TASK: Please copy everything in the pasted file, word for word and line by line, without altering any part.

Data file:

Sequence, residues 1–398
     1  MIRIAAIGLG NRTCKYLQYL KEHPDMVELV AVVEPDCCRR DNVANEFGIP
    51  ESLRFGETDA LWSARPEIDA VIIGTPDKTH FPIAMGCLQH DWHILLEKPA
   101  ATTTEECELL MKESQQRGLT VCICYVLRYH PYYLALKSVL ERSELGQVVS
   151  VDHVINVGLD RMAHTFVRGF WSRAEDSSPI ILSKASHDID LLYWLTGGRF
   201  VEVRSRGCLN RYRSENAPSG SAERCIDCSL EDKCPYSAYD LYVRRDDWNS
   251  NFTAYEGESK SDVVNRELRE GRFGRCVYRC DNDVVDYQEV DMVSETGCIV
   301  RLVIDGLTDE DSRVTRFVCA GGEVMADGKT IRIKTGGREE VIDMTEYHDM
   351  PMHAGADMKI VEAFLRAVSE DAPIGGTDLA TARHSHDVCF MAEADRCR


Sequence, residues 1–398
     1  MIRIAAIGLG NRTCKYLQYL KEHPDMVELV AVVEPDCCRR DNVANEFGIP
    51  ESLRFGETDA LWSARPEIDA VIIGTPDKTH FPIAMGCLQH DWHILLEKPA
   101  ATTTEECELL MKESQQRGLT VCICYVLRYH PYYLALKSVL ERSELGQVVS
   151  VDHVINVGLD RMAHTFVRGF WSRAEDSSPI ILSKASHDID LLYWLTGGRF
   201  VEVRSRGCLN RYRSENAPSG SAERCIDCSL EDKCPYSAYD LYVRRDDWNS
   251  NFTAYEGESK SDVVNRELRE GRFGRCVYRC DNDVVDYQEV DMVSETGCIV
   301  RLVIDGLTDE DSRVTRFVCA GGEVMADGKT IRIKTGGREE VIDMTEYHDM
   351  PMHAGADMKI VEAFLRAVSE DAPIGGTDLA TARHSHDVCF MAEADRCR